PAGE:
Drudge headline baselessly implicated Clinton in closure of Niagara Falls children's psychiatric unit
Research ››› ››› SARAH PAVLUS
A January 22 headline on the Drudge Report baselessly suggested that the children's psychiatric unit at Niagara Falls Memorial Medical Center closed because Sen. Hillary Clinton was "neglecting" New York. The Buffalo News article that the headline linked to contained no mention of Clinton; rather, it reported that hospital officials attributed the closure to problems surrounding the way Medicaid is administered by Niagara County.
On January 22, the Drudge Report linked to a Buffalo News article on the closing of the children's psychiatric unit at Niagara Falls Memorial Medical Center in Niagara Falls, New York, under the headline: "Hillary Neglecting NY? Niagara Falls hospital shuts children's psychiatric unit ... ." However, the article contained no mention of Sen. Hillary Rodham Clinton (D-NY); rather, it reported that "hospital officials said problems getting adequate Medicaid compensation gives them little choice [regarding the closure]" and that "[t]he decision to close the unit at the medical center and cut the hospital's losses follows months of unanswered pleas by hospital officials to the Niagara County manager and officials of the county Department of Social Services to remedy its slow Medicaid approval process."
From the January 17 Buffalo News article:
Niagara Falls Memorial Medical Center plans to close its 12-bed children's psychiatric unit, effectively ending care to more than 350 patients a year.
Niagara County health officials called the decision "shocking" Wednesday and said it places added stress on a mental health situation already strained to the limit.
But hospital officials said problems getting adequate Medicaid compensation gives them little choice.
The children's unit falls victim to the hospital's financial losses in uncompensated care from undocumented Medicaid patients, which hospital officials have said amounted to $2.4 million last year.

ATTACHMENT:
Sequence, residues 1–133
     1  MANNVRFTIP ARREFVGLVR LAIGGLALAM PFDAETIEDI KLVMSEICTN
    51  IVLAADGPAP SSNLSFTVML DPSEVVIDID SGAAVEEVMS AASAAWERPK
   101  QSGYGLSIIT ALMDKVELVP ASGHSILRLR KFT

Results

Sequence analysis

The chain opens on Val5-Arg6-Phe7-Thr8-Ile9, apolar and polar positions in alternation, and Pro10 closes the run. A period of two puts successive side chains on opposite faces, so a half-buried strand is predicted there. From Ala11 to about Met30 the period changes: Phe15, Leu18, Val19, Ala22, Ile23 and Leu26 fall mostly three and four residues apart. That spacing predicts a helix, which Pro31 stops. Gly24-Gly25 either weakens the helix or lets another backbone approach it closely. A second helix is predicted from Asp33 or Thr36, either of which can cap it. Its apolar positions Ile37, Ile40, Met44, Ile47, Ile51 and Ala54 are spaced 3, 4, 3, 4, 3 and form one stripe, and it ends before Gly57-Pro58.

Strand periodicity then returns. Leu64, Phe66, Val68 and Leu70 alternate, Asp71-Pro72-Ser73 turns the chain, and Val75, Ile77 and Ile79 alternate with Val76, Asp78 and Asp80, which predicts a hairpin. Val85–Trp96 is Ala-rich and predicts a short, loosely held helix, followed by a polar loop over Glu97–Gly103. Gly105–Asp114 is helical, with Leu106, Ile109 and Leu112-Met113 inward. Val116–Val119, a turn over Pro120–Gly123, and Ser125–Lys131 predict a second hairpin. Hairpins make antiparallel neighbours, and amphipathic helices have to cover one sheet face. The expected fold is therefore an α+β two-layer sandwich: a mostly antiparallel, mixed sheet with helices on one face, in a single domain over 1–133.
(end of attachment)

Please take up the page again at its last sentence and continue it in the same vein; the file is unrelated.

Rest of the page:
"We have to do something," Ruffolo said, "because [otherwise] it would jeopardize the whole hospital."
If things don't change in the way Medicaid is administered by the county, [president and CEO of Niagara Falls Memorial Medical Center Joseph A.] Ruffolo said, the adult unit is in danger, too."
The decision to close the unit at the medical center and cut the hospital's losses follows months of unanswered pleas by hospital officials to the Niagara County manager and officials of the county Department of Social Services to remedy its slow Medicaid approval process.
Don J. King, chairman of the hospital board, said there has been no progress since a meeting two months ago with county officials. A meeting a month ago with reporters to draw attention to the matter also failed to draw action from the county.
"The number of uninsured patients has reached a crisis point. This simply cannot continue," Ruffolo said in an earlier interview.
"We can't discharge these patients because many of them have nowhere to go," Ruffolo said, referring to indigent and uninsured residents. "Erie County has a similar situation, but their mission is to enroll as many people in Medicaid."
Chuck Rader, the hospital treasurer, described the skyrocketing cost of providing uncompensated care as desperate and said it is crippling the facility's overall purpose.
Gregory D. Lewis, the county manager, has defended the current procedure for processing Medicaid applications.